That may be true, but we’re already seeing an emerging market for such items, in the NFT boom, which has subsided a bit more recently, but it serves as an early sign of the next stage of digital commerce, where people will pay to own something that is not physical, but can be attached to your online personality.
Most NFT projects, however, are useless. The NFT market has been rapidly inundated by scammers looking to make a quick buck, rather than providing a new opportunity for artists to make money off of their work, with each scam and controversy further eroding trust in the space, which has converted many “investors”. ‘ far.
I say ‘investors’ because that’s how many NFT enthusiasts see themselves: suddenly all of the tech brothers and Gary Vee acolytes have become art critics who see future value in these unique works, which they think they will appreciate over time. .
But they won’t. The true value of NFTs, as a concept, lies in facilitating the purchase of virtual items that can then be linked to your identity, ideally with the ability to take your virtual items with you across VR realms and spaces, such as using his Roblox Character Skin for a work meeting via Zoom.
In this sense, NFTs have value as a framework, of some kind, for purchasing usable and viewable virtual items. Random profile pictures of monkeys don’t have that value, and Gary Vee’s hand-drawn pictures definitely won’t hold any unique interest beyond his legion of fans.
In essence, today’s NFT collectors are only right about one thing: they are early, entering from scratch in a trend that will become more significant over time. The problem is that the ‘investments’ they’re making now won’t have any real value in the next stage, which is why every NFT project is now trying to add value through benefits and community access, which they don’t It will be worth a lot in the future.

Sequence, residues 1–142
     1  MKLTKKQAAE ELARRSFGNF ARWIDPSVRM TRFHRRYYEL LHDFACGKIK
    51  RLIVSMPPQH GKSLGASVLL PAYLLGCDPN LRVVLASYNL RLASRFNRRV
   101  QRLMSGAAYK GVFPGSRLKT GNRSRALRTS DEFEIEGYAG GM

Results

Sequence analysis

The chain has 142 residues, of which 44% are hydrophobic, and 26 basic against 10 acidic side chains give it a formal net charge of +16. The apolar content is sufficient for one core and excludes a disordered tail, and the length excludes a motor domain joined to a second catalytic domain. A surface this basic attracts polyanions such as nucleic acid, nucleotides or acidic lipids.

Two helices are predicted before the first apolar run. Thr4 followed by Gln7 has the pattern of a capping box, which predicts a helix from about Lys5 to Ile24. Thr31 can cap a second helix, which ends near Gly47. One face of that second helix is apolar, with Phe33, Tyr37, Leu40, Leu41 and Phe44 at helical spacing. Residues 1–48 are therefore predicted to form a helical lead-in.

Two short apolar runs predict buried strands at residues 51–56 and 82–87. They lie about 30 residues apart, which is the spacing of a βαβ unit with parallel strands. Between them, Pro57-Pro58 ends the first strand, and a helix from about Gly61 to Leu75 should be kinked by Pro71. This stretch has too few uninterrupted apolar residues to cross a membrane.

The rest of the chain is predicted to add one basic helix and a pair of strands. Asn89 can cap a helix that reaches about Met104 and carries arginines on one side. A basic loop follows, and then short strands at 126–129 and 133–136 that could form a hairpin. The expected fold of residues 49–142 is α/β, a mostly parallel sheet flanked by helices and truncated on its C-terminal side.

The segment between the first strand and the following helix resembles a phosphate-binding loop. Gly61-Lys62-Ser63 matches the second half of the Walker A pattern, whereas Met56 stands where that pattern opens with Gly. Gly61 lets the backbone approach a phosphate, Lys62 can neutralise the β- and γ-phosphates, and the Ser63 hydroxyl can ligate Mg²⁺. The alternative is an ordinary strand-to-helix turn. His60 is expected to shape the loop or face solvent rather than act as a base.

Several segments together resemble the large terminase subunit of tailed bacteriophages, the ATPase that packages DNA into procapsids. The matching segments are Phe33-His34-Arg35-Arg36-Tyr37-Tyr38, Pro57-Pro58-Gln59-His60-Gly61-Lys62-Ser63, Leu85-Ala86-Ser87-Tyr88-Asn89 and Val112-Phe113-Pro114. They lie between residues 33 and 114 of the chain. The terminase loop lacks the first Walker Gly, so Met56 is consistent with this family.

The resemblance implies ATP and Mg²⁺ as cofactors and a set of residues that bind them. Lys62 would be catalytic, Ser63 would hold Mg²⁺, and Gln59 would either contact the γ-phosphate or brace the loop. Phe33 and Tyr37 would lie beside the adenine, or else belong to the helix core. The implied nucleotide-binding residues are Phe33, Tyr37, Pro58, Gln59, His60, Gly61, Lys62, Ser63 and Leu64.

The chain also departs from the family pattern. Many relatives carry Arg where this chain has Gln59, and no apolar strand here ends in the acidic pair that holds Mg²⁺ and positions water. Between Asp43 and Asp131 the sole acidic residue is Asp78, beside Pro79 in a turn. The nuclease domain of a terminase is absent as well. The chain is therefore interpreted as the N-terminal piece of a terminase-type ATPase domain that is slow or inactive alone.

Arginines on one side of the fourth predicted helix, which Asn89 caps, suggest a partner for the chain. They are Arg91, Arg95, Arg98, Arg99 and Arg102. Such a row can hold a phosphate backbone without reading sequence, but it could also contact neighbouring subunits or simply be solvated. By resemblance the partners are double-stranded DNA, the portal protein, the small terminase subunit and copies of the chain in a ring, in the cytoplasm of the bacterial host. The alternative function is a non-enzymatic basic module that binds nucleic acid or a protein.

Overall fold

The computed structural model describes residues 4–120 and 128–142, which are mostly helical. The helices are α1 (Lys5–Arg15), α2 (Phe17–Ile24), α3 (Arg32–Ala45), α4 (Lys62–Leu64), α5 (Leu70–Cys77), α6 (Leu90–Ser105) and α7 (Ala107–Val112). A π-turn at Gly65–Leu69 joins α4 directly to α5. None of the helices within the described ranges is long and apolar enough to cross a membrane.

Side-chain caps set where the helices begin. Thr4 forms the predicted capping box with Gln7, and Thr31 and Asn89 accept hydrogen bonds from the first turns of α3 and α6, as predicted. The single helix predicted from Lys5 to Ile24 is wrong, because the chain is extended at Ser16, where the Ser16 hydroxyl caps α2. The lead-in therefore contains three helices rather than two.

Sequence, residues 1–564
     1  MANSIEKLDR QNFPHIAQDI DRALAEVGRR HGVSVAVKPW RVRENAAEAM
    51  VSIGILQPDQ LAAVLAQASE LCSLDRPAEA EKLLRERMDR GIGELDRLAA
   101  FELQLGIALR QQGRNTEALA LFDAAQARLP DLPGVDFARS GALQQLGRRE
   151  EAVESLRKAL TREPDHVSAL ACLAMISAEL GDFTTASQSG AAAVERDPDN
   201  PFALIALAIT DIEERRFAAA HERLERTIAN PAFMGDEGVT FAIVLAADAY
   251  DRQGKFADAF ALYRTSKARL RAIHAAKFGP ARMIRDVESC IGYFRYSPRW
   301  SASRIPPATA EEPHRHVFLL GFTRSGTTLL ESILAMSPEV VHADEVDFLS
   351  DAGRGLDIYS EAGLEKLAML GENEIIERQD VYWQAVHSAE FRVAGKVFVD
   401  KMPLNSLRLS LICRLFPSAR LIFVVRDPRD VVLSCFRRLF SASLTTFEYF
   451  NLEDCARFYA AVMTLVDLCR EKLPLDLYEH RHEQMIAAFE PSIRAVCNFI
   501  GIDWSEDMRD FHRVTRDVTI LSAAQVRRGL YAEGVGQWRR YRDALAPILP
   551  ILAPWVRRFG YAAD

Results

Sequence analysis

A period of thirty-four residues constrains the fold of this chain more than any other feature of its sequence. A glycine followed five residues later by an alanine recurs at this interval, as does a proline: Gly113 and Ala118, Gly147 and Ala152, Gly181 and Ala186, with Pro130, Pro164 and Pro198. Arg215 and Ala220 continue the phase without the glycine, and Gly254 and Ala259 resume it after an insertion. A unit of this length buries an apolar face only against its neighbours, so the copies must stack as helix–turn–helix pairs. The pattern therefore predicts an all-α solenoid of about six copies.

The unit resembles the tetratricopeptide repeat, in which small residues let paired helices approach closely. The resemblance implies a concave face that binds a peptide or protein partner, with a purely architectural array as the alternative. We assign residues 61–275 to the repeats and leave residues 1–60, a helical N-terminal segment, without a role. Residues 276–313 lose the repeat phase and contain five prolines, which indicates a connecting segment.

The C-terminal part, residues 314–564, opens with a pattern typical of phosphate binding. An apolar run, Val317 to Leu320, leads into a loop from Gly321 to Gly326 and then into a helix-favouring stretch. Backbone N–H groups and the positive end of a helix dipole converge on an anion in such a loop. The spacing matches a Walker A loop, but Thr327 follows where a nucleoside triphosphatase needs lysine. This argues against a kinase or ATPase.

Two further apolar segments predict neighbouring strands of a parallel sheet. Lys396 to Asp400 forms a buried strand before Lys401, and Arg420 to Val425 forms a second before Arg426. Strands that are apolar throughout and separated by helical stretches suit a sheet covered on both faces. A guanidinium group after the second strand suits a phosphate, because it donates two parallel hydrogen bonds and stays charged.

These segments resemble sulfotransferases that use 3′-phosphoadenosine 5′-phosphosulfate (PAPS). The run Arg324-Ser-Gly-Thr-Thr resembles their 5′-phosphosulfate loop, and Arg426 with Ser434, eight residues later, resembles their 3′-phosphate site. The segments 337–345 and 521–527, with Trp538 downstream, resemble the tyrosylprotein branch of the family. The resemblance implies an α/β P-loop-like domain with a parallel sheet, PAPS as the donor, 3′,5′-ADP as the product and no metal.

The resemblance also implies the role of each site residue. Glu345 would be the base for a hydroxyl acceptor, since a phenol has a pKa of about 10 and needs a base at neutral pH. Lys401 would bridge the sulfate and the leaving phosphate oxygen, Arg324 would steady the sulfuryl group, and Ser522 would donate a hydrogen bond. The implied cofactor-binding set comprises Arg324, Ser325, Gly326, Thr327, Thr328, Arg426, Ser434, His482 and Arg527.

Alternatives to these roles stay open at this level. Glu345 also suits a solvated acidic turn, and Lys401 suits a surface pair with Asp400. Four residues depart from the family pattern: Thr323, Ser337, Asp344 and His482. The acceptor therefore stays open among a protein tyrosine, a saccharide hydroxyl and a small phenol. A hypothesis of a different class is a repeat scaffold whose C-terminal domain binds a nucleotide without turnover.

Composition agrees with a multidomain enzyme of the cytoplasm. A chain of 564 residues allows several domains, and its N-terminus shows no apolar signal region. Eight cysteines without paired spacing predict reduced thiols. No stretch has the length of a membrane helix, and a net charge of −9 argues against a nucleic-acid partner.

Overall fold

However, NFTs as an infrastructure to buy virtual clothes now have potential, and it is quite possible that owning a virtual Gucci bag that can be attached to your identity has real and measurable value as the use of these avatars and adoption. of virtual worlds expands.
But people won’t visit virtual art galleries or bid on the first edition of Bored Apes. Actually, perhaps Bored Apes has some value as a sign of the times, while Beeple’s works, for example, also have a cultural value that might make them retain some meaning. But the vast majority of profile picture NFT projects will be a fad, a marker of the next stage, but not, in and of themselves, a valuable artifact for the next generation.
But no one wants to miss the boat. Many investors wrote off Facebook early on and missed out on buying, as did Twitter and many other significant technological changes. That’s why people are jumping into NFTs, hoping to hold on to the next stage, and while they’re early in this regard, it’s probably too early to go all out.
But the next level is coming, and digital products will be a thing. Meta seeks to find more ways to drive this change. And eventually, that will work out, one way or another.